Live from Facebook-owned Oculus’s annual VR conference: Day 1

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Virtual reality has largely remained stuck in the future, posing a dilemma for marketers. But Facebook-owned VR company Oculus is expected to bring more of that future to the present at its annual developer conference, Oculus Connect, which kicks off on Wednesday in San Jose, Calif.

Below is our live blog of the event’s opening keynote, which starts at 1 pm ET/10 am PT.

  • Facebook CEO Mark Zuckerberg opened the keynote and announced Venues, a platform to watch live sports and concerts in VR that will launch in 2018.
  • Zuckerberg unveiled Oculus Go, a standalone headset that will cost $199 and ship in 2018.
  • Facebook’s head of VR Hugo Barra announced Oculus for Business, a program to get companies using VR. For $900, companies will receive a bundle of Oculus equipment, including a headset and controllers, as well as a commercial license, commercial warranty and preferential customer service.
  • Oculus will drop the price of its high-end Rift headset plus Touch controllers to $399.
  • Oculus will make its next-gen Santa Cruz headset and controllers available to developers next year.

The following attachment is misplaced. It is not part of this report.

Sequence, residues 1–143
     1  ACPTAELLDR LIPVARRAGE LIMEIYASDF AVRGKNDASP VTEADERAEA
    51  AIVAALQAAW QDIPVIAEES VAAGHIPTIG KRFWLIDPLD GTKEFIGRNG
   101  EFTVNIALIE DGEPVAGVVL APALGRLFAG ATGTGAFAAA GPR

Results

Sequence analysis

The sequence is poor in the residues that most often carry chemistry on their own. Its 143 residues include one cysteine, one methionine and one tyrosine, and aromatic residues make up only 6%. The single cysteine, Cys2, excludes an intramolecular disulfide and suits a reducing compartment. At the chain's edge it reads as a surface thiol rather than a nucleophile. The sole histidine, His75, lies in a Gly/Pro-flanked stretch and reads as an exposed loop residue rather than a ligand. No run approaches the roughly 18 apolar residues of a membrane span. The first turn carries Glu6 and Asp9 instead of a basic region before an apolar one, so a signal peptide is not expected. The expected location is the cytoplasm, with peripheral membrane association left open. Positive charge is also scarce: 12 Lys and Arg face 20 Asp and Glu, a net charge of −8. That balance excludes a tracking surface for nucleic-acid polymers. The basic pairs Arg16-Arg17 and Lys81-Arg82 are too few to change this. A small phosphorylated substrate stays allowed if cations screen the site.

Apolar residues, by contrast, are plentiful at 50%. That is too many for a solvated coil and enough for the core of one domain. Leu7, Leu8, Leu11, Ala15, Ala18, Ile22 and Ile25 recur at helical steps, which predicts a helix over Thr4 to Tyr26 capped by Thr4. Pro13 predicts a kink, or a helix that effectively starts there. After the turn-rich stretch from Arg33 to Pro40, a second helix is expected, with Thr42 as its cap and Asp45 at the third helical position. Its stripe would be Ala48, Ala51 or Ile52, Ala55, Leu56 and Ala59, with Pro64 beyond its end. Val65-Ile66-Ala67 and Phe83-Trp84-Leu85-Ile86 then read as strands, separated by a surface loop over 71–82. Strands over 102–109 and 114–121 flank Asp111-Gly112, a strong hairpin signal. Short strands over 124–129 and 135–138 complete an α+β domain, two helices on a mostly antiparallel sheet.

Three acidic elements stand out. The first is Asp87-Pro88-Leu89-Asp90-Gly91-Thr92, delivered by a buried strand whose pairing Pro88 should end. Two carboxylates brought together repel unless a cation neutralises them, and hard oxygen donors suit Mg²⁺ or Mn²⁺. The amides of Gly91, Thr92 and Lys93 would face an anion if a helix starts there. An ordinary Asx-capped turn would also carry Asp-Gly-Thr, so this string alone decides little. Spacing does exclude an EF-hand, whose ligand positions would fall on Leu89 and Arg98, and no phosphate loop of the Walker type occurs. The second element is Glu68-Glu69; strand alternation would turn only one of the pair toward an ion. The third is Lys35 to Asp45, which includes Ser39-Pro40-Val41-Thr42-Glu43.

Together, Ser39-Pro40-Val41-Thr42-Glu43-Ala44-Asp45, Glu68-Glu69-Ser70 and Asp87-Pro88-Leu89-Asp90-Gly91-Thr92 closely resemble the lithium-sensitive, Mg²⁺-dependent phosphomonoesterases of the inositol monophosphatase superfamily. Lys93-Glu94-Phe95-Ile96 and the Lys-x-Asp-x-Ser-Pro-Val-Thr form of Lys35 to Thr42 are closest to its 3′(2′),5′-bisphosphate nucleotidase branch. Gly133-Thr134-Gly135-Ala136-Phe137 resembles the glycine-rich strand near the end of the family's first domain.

• Oculus will roll out a redesigned user interface, called Oculus Dash, in beta later this year. It is designed for touch.
  • Oculus Dash will let people use desktop computer apps inside of VR.
  • Facebook will roll out live 360-degree video to the VR version of its social network, Facebook Spaces, later this year.
  • Facebook will add a 3D posts format so that people can share objects created in VR as interactive posts on Facebook. Eventually these objects will also be available for use on Facebook’s Camera Effects augmented reality platform.

Opinions expressed in this article are those of the guest author and not necessarily Marketing Land. Staff authors are listed here.


About The Author

Tim Peterson, Third Door Media’s Social Media Reporter, has been covering the digital marketing industry since 2011. He has reported for Advertising Age, Adweek and Direct Marketing News. A born-and-raised Angeleno who graduated from New York University, he currently lives in Los Angeles.

He has broken stories on Snapchat’s ad plans, Hulu founding CEO Jason Kilar’s attempt to take on YouTube and the assemblage of Amazon’s ad-tech stack; analyzed YouTube’s programming strategy, Facebook’s ad-tech ambitions and ad blocking’s rise; and documented digital video’s biggest annual event VidCon, BuzzFeed’s branded video production process and Snapchat Discover’s ad load six months after launch. He has also developed tools to monitor brands’ early adoption of live-streaming apps, compare Yahoo’s and Google’s search designs and examine the NFL’s YouTube and Facebook video strategies.

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